Shadow of the Tomb Raider review: Fighting for my life and loving it – ANITH
post-template-default,single,single-post,postid-218168,single-format-standard,eltd-core-1.1.1,flow child-child-ver-1.0.0,flow-ver-1.3.6,eltd-smooth-scroll,eltd-smooth-page-transitions,ajax,eltd-blog-installed,page-template-blog-standard,eltd-header-standard,eltd-fixed-on-scroll,eltd-default-mobile-header,eltd-sticky-up-mobile-header,eltd-dropdown-default,wpb-js-composer js-comp-ver-5.0.1,vc_responsive

Shadow of the Tomb Raider review: Fighting for my life and loving it

Shadow of the Tomb Raider review: Fighting for my life and loving it

Enlarge / Follow the light, Lara.

The most recent story arc for Lara Croft has dipped into how she came to be the rough-and-tumble Indiana Jones-inspired adventurer we all met fully formed decades ago. Along the way, though, there have been a fair few examinations of her violent tendencies, creating what is essentially a post-modern meditation on the state of gaming culture in the ‘90s (when Croft’s first iteration hit the original PlayStation).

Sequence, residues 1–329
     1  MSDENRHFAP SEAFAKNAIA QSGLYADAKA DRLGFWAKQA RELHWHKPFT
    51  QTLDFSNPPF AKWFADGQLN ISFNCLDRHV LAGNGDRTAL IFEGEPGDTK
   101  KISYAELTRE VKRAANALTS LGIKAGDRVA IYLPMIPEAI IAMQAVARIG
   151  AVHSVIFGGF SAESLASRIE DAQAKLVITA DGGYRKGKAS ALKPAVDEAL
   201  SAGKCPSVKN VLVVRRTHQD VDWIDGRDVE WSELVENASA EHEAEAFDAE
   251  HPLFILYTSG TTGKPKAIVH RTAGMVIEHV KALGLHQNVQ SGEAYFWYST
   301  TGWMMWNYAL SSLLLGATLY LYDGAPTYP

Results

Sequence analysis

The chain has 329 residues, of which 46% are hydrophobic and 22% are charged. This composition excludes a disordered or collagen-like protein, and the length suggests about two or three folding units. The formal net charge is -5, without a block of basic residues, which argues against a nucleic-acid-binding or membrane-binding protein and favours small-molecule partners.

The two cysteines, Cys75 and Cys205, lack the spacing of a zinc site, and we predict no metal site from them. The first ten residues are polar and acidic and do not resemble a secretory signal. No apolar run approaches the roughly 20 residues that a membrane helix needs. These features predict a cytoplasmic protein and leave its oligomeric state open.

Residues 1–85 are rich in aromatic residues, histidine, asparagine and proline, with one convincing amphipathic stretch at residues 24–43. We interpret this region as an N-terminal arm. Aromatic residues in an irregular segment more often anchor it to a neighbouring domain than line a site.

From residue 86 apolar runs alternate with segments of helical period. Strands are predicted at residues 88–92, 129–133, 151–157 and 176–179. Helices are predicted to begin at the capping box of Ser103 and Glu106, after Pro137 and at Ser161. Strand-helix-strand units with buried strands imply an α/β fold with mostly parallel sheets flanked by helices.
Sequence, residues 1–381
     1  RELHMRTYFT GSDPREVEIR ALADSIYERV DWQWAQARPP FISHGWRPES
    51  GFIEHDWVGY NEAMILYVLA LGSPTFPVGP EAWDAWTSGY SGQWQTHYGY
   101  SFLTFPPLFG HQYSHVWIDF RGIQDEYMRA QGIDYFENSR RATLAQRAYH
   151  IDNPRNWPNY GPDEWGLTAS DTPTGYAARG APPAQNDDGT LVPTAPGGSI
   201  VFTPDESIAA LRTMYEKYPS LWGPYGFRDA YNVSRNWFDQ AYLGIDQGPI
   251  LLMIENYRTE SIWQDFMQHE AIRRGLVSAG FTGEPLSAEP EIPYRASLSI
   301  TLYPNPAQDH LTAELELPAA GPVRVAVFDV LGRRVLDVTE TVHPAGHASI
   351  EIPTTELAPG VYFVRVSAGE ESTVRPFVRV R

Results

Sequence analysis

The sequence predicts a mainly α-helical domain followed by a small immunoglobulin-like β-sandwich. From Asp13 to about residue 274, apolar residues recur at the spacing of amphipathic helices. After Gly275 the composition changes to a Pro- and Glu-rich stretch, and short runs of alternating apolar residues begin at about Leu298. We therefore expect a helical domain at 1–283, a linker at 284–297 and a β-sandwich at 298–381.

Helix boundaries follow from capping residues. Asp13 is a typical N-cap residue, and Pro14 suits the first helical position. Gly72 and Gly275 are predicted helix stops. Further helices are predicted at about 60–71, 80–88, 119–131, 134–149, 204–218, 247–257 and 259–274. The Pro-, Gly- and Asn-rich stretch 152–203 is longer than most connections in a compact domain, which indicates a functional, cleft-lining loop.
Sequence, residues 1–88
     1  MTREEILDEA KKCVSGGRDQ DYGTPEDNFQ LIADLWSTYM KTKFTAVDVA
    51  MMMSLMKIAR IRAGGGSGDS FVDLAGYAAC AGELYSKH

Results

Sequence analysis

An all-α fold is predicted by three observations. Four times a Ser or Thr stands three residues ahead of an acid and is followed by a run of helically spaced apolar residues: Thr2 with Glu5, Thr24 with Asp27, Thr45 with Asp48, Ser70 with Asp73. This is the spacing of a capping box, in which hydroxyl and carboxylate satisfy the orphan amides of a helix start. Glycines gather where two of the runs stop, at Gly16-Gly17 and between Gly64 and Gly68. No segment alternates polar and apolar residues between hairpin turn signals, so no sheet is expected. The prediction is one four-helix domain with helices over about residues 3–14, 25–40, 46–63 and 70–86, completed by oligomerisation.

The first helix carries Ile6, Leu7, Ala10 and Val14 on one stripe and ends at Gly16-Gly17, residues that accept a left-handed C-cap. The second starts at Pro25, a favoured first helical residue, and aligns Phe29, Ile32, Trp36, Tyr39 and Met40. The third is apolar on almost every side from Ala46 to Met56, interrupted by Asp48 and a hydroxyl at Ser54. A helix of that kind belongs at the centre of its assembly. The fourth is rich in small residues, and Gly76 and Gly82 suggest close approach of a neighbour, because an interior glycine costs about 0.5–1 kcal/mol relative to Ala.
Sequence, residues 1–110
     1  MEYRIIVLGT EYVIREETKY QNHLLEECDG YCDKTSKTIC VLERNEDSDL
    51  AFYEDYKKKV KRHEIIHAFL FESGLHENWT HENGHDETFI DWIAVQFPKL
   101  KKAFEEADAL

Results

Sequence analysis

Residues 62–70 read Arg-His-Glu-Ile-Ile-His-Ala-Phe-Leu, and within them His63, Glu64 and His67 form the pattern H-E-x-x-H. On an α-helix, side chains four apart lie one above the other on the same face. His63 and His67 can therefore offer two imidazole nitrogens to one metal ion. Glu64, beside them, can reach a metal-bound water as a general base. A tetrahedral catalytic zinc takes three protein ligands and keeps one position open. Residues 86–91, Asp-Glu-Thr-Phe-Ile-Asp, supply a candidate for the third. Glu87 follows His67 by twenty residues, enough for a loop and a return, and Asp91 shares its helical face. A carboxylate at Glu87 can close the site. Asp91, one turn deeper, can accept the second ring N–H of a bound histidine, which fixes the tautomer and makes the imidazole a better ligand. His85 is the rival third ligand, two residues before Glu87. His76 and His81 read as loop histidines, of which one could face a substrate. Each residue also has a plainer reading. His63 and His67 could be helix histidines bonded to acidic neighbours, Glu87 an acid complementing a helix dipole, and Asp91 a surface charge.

The modern incarnations of the series have stuttered a bit in their character construction, though. The inability to marry the sometimes ruthless actions of this intrepid woman with the cerebral consideration of the ancient and the lost has left her adventures feeling a little stilted.

Shadow of the Tomb Raider is, for better and worse, the most extreme iteration of this phenomenon that we’ve yet seen. Now, the oil and water can’t be blended at all, but each is so rich that it can be easy to gloss over the lack of cohesion.

Self-inflicted wounds

Croft’s latest adventure is harrowing, to say the least. Due to some run-ins with an Illuminati-like organization bent on triggering a worldwide divine renewal, Croft and her kind companion Jonah look towards the jungles of Peru. There, they expect to unearth a McGuffin that will stop a potential apocalypse. Those campy, over-the-top madcap adventure stakes are standard fare for these kinds of games, but here they bump against the grimmer, more intense focus on serious gore and intimate evisceration in a way that doesn’t quite gel.

Read 17 remaining paragraphs | Comments

Source link

Anith Gopal
No Comments

Post a Comment

two × three =

This site uses Akismet to reduce spam. Learn how your comment data is processed.